At the heart of these policies there is still a set of glaring contradictions. As Richard Dixon of Friends of the Earth Scotland has highlighted, the Scottish Government is sticking to its policy of Maximising Economic Recovery from North Sea oil and gas instead of getting serious about the managed phase out of extraction and implementing a just transition for the workers and communities dependent on this sector.

Transport is at the heart of much of what has been announced. But while there are commitments on rail and aviation electrification there is too little on reducing car traffic as an immediate priority.

Equally, on aviation, there is a plan to make the Scottish Highlands and Islands the world’s first zero emission aviation region, with testing of zero emission flight technology beginning in 2021. But where is the plan to reduce flying starting immediately? Where is the leadership to encourage people to stop flying and to completely re-make and re-imagine our lives?

Where is the national energy descent plan?

Where is the credible Just Transition process that includes large-scale public investment in renewables?

Where is the commitment to abandon fossil fuels?

It is a positive that the Scottish Government thinks it is putting climate at the heart of its policies, but in reality in cannot claim to be doing this until it commits at the same time to transforming our economy.

The emphasis on technological solutions is an outdated and retrograde approach when all of the evidence shows us that it is our economic activity and our resource exploitation that are at the heart of our climate crisis.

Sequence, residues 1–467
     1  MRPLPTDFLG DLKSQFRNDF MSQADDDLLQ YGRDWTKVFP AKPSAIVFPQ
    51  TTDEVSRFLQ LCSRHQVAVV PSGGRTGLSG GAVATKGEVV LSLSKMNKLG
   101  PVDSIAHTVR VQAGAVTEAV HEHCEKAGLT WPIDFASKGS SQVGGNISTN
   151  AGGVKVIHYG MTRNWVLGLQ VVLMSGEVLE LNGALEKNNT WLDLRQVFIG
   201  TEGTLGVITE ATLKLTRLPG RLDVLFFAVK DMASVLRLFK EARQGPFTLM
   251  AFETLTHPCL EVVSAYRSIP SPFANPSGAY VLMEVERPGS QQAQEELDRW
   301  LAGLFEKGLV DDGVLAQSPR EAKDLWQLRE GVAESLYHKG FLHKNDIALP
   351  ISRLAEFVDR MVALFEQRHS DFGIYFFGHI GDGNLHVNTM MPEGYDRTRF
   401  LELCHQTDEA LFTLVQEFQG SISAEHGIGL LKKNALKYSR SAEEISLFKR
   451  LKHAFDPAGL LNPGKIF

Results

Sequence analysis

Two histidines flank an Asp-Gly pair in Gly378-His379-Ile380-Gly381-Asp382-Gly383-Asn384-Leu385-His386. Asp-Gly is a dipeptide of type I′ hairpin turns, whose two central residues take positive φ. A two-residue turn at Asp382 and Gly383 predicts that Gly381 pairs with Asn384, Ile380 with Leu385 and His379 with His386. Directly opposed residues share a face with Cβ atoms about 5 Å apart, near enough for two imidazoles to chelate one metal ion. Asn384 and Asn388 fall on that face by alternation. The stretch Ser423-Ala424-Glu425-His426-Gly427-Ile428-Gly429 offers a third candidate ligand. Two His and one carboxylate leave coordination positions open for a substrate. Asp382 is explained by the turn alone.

Enough! Spokesperson Svenja Meyerricks has said:

”What we need is a commitment to degrowth and an abandonment of the market approaches which have brought us to the precipice and which we know will fail. This commitment must dig down deep into the fabric of society and the ways in which we live and work. We must not fail and punish the young for the times of crisis they’ve been born into; intergenerational environmental justice must be at the heart of climate emergency plans. This means a 100% employment target through a three day work week and localised economies. It also means tackling inequality from the ground up, and prioritising food security through agroecology in land use planning and policies.” 

The Programme for Government is full of good initiatives and perhaps the first tentative steps towards what it would look like to have co-ordinated action operating at scale. But it is still a government committed to a growth economy frightened to explain to people the scale of the changes required to respond to our crisis.

Enough! urge the Scottish Government to demonstrate true global leadership in responding to our climate emergency by committing to transforming the nature of our economy to one which is circular and focuses on well-being. We note the upcoming IPCC report will signify this, also.

With an economy that is oriented towards reduced consumption, reduced resource use and focussed on being in balance with our natural world and enhancing well-being for all our citizens, legislation, public services and industry will have a new north star. Economic systems change is the scale of the response appropriate to the scale of the challenge.

Over the coming weeks, Enough! Will be publishing more specific responses and action on how to respond to a Climate Emergency through changing our economic systems.